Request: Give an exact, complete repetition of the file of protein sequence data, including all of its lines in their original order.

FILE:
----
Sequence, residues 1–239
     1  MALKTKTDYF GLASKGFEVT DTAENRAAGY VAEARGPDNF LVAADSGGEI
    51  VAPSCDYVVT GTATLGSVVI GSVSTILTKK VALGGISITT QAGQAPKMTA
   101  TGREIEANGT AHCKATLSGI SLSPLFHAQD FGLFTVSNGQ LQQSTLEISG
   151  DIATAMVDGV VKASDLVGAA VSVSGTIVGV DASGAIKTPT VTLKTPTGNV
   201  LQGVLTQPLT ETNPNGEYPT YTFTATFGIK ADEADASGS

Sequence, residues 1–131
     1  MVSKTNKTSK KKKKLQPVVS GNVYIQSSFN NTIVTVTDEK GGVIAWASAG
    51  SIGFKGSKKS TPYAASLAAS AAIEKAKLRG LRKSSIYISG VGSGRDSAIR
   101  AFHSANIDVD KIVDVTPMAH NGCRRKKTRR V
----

Sequence, residues 1–239
     1  MALKTKTDYF GLASKGFEVT DTAENRAAGY VAEARGPDNF LVAADSGGEI
    51  VAPSCDYVVT GTATLGSVVI GSVSTILTKK VALGGISITT QAGQAPKMTA
   101  TGREIEANGT AHCKATLSGI SLSPLFHAQD FGLFTVSNGQ LQQSTLEISG
   151  DIATAMVDGV VKASDLVGAA VSVSGTIVGV DASGAIKTPT VTLKTPTGNV
   201  LQGVLTQPLT ETNPNGEYPT YTFTATFGIK ADEADASGS

Sequence, residues 1–131
     1  MVSKTNKTSK KKKKLQPVVS GNVYIQSSFN NTIVTVTDEK GGVIAWASAG
    51  SIGFKGSKKS TPYAASLAAS AAIEKAKLRG LRKSSIYISG VGSGRDSAIR
   101  AFHSANIDVD KIVDVTPMAH NGCRRKKTRR V